Storm Chasers – Entry #4
He’s a thunderbird with an attitude problem. She’s a soul eater with a sweet tooth. They fight supernatural crime!
(I’ve decided to do a series of short urban fantasy vignettes set in an alternate universe Vancouver to keep myself regularly writing and posting in this blog. This entry is based on this picture prompt at WriteWorld.)
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As Taj reluctantly contemplated the shedu’s essence, now compressed into a small metal bead between her thumb and index finger, the background music to “My Heart Will Go On” blasted through a pair of crackling speakers. She and Ru had decided to retire to a sushi dive on the east side of Powell Street in order to regroup and plan for the next demon take down. Ru had said something about dinner. Which was easy for him to say. She had to eat a demon.
“Aren’t you going to eat that?” Ru ate a piece of tuna roll as a trio of drunk businessmen at the other end of the dive warbled about their hearts on static-y microphones.
“I don’t normally eat demons. But if this doesn’t give me indigestion, they certainly will,” she replied as one of the businessmen hit a high note. At least they were sitting in a back corner booth so the noise wasn’t so loud. Her ears were still recovering from the encounter with the shedu. She grimaced and then tossed the bead into her mouth. Swallowed. She reached for the sake a second later. The alcohol warmed her throat, but it did nothing to alleviate the heaviness in her stomach. It wouldn’t take long for the demon’s powers to augment her own. “I should have said no.”
“Said no? Said no to what?”
“To your suggestion for coming here,” she said, waving a hand to indicate the sushi joint. “If you really wanted sushi, we could have gone to that new restaurant down on Robson.”
“Too fancy,” he countered. “And too many normal people there. Besides, it would be impossible for us to talk about this.” He took out his phone and started playing the recording of the shedu hissing and roaring. Most of it was drowned out by the bad karaoke, but Taj reached over anyway to stop the playback.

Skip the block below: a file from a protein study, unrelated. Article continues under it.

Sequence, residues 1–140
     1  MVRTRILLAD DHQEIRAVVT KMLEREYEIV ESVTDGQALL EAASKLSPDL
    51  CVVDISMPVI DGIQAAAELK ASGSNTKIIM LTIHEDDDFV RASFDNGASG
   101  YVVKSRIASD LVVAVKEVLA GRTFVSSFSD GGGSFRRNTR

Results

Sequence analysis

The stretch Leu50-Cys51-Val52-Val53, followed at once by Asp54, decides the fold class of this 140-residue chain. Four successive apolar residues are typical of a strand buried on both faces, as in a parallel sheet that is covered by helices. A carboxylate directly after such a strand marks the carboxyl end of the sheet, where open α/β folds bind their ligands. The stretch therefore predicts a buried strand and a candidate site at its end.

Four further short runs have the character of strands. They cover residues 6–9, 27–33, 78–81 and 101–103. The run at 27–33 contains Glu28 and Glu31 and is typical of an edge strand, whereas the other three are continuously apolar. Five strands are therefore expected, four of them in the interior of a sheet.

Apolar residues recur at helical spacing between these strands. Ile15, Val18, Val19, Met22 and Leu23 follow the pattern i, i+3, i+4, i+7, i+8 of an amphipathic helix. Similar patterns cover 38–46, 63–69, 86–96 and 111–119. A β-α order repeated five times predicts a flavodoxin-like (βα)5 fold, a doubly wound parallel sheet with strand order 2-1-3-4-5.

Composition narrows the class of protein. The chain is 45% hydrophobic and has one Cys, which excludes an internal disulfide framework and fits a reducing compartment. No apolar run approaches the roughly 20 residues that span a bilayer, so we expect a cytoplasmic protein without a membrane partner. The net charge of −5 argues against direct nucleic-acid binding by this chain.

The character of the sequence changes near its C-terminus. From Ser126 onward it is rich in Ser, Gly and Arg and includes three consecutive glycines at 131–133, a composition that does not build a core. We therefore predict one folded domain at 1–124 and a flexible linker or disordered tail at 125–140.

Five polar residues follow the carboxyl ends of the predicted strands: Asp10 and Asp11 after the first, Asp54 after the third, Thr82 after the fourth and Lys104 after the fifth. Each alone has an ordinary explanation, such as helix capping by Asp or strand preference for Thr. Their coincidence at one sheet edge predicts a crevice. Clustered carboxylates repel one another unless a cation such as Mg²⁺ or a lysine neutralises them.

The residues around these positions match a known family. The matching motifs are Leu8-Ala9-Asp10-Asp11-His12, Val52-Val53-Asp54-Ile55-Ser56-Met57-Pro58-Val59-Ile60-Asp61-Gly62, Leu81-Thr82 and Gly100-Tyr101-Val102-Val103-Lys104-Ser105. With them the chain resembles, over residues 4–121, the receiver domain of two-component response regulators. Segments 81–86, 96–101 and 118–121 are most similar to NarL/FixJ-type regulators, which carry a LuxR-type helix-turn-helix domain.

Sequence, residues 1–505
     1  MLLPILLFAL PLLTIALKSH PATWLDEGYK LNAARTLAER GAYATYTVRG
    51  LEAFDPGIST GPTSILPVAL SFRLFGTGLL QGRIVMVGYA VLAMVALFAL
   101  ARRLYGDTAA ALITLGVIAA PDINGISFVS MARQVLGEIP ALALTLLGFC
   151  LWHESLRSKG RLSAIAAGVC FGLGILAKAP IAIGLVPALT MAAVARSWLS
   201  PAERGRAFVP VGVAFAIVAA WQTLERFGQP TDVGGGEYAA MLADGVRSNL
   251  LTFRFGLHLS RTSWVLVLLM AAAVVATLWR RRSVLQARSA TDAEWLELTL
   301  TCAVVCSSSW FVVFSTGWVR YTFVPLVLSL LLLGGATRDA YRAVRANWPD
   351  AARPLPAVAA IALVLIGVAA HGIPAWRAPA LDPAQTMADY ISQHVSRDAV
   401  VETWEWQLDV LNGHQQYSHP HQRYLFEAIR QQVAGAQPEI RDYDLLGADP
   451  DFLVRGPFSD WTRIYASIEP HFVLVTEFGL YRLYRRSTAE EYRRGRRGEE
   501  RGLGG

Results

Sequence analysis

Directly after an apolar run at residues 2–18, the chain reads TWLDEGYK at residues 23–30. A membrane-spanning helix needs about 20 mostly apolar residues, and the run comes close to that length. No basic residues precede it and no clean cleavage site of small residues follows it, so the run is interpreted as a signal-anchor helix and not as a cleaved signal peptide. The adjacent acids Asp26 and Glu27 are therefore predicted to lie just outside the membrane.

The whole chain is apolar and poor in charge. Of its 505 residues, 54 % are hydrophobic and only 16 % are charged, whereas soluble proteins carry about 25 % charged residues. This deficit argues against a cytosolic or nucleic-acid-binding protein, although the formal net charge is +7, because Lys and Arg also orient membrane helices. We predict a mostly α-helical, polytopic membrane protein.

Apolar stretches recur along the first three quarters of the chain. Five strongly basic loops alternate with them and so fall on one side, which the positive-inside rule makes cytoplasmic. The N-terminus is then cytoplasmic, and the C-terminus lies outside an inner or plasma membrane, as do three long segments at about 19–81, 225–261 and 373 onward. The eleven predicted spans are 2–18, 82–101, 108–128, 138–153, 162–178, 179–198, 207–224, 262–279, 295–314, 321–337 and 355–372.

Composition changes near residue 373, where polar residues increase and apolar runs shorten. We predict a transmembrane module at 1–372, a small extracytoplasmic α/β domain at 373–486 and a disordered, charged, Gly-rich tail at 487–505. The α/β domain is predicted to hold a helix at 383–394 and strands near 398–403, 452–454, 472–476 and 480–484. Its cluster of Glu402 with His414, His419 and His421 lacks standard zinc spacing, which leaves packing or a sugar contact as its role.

“Don’t be so reckless. It’s a wonder you haven’t landed on the local tabloid before now with the humans writing stories about you having alien babies or something.” She poured herself another cup of sake before finally partaking some real food. She crunched on some shrimp tempura as she took in their surroundings. Dim yellow light lit the dive which consisted of a couple worn tables and booths populated mostly by casually dressed regulars. The only concession to décor was a couple of fake bonsai trees near the entrance. “Besides, I don’t see much difference. There are normal people here, too.”
“Sure, but nobody here will bother eavesdropping on us.”
“Uh huh. Well, what about her?”
Ru turned his head in the direction that Taj had wiggled her chopsticks. A short line of patrons stood against the wall, waiting for their turn at karaoke. One of the people in line was a slim, dark haired woman in a jean jacket and extremely short shorts. At that moment, she was staring in their direction with black eyes. Her skin was pale but with a greenish tinge that marked her as one of the sea people.
He scowled. “What is she doing here?” The light rain outside suddenly became a downpour.
“You know her? Who is she?”
Instead of answering Taj, he turned back to the table and muttered, “We need more sake.”
“No, we don’t. Who is she? Is she an ex-girlfriend?”